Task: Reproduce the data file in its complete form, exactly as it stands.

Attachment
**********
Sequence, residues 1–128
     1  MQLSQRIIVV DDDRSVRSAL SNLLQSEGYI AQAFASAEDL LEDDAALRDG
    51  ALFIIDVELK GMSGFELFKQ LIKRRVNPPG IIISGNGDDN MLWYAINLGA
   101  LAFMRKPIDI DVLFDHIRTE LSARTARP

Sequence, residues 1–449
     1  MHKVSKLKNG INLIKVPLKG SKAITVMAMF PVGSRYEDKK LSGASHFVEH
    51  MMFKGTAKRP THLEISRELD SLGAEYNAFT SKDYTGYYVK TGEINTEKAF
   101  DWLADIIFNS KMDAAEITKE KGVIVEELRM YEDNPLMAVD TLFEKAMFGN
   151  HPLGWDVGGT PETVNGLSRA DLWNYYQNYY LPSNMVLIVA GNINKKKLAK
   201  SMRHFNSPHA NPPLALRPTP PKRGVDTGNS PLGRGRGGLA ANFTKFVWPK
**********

Sequence, residues 1–128
     1  MQLSQRIIVV DDDRSVRSAL SNLLQSEGYI AQAFASAEDL LEDDAALRDG
    51  ALFIIDVELK GMSGFELFKQ LIKRRVNPPG IIISGNGDDN MLWYAINLGA
   101  LAFMRKPIDI DVLFDHIRTE LSARTARP

Sequence, residues 1–449
     1  MHKVSKLKNG INLIKVPLKG SKAITVMAMF PVGSRYEDKK LSGASHFVEH
    51  MMFKGTAKRP THLEISRELD SLGAEYNAFT SKDYTGYYVK TGEINTEKAF
   101  DWLADIIFNS KMDAAEITKE KGVIVEELRM YEDNPLMAVD TLFEKAMFGN
   151  HPLGWDVGGT PETVNGLSRA DLWNYYQNYY LPSNMVLIVA GNINKKKLAK
   201  SMRHFNSPHA NPPLALRPTP PKRGVDTGNS PLGRGRGGLA ANFTKFVWPK